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With EF 5.0.0, VS 2012 and .NET 4.5, when I add a new ADO.NET Entity Data Model from an existing SQL Server 2012 database, the generated code does not differentiate between a nullable and non-nullable varchar. For e.g. TTITLE is non-nullable but CITY is nullable in my database, but they end up like following in the generated code - which in turn creates validation issue. Shouldn't TITLE property be decorated by [Required] attribute by EF by default? It does generated differentiates accurately between nullable and non-nullable int.

public partial class AWARD
    public int ID { get; set; }
    public int PERSON_ID { get; set; }
    public string TITLE { get; set; }
    public string CITY { get; set; }
    public Nullable<int> STATE_PROVINCE { get; set; }
    public Nullable<int> COUNTRY { get; set; }
    public string ORGANIZATION { get; set; }
    public int YEAR { get; set; }
    public Nullable<int> MONTH { get; set; }

    public virtual PERSON PERSON { get; set; }
    public virtual V_COUNTRY V_COUNTRY { get; set; }
    public virtual V_USA_STATE V_USA_STATE { get; set; }
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Apparently, the default code-generation strategy for Entity Framework does not generate Data Annotation attributes like Required. However, you can use a custom T4 template in conjunction with your entity model in order to do this. See the related answer here: Where are the Entity Framework t4 templates for Data Annotations?

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C# has value types and reference types. String is a reference type, and inherently can already be null. Int, on the other hand, is a value type and has no concept of null. So C# introduced a nullable type structure which wraps value types, System.Nullable. In other words, if you have an int that may need to be null, you need to declare it as Nullable<int> (or int? for short). However, because String is a reference type and can already be null, there's no reason to declare Nullable<string>.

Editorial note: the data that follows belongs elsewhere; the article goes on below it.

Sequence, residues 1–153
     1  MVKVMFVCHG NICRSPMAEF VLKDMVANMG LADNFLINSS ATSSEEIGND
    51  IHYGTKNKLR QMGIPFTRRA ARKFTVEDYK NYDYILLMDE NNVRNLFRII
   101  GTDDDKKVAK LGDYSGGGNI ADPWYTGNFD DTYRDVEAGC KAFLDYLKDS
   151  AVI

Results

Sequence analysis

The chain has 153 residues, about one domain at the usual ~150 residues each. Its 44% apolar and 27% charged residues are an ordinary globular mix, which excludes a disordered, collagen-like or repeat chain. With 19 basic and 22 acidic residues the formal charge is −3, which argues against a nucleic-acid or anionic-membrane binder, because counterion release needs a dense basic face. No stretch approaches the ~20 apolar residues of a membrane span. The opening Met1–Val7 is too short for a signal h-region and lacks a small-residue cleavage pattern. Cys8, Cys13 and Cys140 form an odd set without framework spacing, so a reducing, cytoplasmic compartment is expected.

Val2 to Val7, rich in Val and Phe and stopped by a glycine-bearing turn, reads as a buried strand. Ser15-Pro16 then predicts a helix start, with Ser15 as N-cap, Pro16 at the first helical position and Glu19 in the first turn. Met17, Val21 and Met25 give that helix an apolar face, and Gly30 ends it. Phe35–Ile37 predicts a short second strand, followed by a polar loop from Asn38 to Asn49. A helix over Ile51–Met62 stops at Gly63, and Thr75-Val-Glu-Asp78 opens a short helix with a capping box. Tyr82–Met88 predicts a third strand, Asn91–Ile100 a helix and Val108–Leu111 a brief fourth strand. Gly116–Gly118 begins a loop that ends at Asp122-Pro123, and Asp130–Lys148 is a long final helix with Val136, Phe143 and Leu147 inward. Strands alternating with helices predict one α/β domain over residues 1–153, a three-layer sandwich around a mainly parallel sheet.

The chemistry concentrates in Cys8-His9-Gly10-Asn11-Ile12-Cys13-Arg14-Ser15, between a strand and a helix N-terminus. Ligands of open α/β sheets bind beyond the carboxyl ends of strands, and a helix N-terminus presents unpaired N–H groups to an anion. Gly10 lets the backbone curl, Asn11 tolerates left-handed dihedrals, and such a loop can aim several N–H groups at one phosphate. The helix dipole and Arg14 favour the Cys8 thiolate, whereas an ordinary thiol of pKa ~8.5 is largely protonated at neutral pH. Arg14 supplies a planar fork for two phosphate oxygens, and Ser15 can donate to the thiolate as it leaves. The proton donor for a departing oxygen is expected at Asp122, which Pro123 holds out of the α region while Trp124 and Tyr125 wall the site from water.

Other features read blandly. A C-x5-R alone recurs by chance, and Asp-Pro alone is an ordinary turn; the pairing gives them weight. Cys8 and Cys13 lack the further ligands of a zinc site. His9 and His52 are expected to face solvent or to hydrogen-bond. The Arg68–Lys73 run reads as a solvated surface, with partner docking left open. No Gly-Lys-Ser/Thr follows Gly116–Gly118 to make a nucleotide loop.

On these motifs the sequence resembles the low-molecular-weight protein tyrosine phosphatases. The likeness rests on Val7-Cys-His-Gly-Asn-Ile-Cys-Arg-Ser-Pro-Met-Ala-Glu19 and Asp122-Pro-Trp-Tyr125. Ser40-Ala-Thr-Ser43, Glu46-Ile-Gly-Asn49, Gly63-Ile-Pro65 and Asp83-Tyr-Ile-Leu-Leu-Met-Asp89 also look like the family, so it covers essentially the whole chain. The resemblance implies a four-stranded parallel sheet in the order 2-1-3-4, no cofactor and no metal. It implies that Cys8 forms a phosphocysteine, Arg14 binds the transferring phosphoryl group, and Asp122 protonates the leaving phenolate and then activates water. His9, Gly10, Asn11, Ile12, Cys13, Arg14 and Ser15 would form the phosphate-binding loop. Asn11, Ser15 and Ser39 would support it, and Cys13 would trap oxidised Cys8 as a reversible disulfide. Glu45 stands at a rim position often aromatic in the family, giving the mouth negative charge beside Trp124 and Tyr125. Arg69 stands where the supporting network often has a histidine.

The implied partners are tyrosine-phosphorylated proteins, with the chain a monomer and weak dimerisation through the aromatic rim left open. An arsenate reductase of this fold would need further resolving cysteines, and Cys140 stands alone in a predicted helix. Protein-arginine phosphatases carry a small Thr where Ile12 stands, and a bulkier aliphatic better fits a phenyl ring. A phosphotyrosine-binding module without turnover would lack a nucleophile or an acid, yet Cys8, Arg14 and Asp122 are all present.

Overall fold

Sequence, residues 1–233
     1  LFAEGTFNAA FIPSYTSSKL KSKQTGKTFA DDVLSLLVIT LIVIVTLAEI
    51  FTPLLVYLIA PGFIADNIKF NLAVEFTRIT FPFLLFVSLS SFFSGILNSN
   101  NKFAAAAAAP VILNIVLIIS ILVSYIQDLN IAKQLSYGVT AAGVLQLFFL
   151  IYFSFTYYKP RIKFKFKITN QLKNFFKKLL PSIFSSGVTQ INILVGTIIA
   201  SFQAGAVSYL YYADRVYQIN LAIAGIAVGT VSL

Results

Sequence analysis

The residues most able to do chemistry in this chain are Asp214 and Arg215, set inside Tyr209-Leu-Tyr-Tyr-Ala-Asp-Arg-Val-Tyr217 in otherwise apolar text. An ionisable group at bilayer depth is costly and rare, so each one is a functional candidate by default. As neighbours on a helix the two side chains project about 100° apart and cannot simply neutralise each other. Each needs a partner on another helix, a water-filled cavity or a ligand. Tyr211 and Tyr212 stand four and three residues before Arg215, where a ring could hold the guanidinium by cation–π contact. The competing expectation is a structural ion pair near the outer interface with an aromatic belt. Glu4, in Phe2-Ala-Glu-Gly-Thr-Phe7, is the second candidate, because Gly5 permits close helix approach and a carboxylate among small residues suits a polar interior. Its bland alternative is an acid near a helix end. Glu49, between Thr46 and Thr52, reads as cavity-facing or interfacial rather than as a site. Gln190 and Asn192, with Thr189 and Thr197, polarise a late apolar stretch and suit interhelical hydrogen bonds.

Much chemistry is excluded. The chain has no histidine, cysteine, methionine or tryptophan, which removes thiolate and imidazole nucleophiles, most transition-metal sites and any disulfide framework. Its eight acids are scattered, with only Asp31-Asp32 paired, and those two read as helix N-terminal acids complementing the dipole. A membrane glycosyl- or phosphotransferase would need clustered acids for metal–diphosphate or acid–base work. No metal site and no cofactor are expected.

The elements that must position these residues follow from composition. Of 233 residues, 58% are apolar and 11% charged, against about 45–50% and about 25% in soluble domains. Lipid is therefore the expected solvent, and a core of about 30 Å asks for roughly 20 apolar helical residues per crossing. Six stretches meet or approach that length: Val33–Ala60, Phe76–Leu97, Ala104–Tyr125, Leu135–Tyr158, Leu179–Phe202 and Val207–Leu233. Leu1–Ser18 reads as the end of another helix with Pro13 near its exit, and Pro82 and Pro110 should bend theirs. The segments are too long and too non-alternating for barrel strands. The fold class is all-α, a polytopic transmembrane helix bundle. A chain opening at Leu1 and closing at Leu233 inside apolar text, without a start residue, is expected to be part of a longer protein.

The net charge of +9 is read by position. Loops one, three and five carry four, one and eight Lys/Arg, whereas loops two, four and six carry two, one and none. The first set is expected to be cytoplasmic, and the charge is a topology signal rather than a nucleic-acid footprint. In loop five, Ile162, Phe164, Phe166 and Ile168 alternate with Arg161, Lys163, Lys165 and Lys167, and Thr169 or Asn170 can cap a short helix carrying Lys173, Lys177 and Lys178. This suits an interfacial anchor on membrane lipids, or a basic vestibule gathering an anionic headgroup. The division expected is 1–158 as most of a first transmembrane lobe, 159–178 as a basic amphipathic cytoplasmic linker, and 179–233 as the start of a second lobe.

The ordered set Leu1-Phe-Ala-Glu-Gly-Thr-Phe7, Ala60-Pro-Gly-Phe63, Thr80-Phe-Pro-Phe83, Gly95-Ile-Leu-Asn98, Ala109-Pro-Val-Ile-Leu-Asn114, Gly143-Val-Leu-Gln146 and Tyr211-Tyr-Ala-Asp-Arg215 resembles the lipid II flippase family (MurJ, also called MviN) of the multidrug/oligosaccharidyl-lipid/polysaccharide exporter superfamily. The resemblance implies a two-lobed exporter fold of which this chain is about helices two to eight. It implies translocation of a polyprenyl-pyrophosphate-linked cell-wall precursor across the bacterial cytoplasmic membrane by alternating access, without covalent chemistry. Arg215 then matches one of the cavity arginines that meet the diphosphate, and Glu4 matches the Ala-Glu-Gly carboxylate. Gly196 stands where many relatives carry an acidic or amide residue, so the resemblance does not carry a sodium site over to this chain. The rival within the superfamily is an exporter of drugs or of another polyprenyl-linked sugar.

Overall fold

It's not a matter of trying to match up the types with your database null constraints; it's simply a matter of allowing a property to be null if necessary.

Luksan's answer already addresses the lack of [Required] annotation; I just wanted to clarify why EF appears to differentiate null values on ints but not on strings.

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I don't suppose EF is smart enough to figure out that a value on the business end of an outer join might be null. Do you fix these up yourself in the generated classes? – Robert Harvey Jan 26 '13 at 20:17
I had never really thought about outer joins from an EF perspective before (I'm still relatively new to EF myself). But I found this SO question which I think answers it quite nicely:… – Dan A. Jan 27 '13 at 5:30

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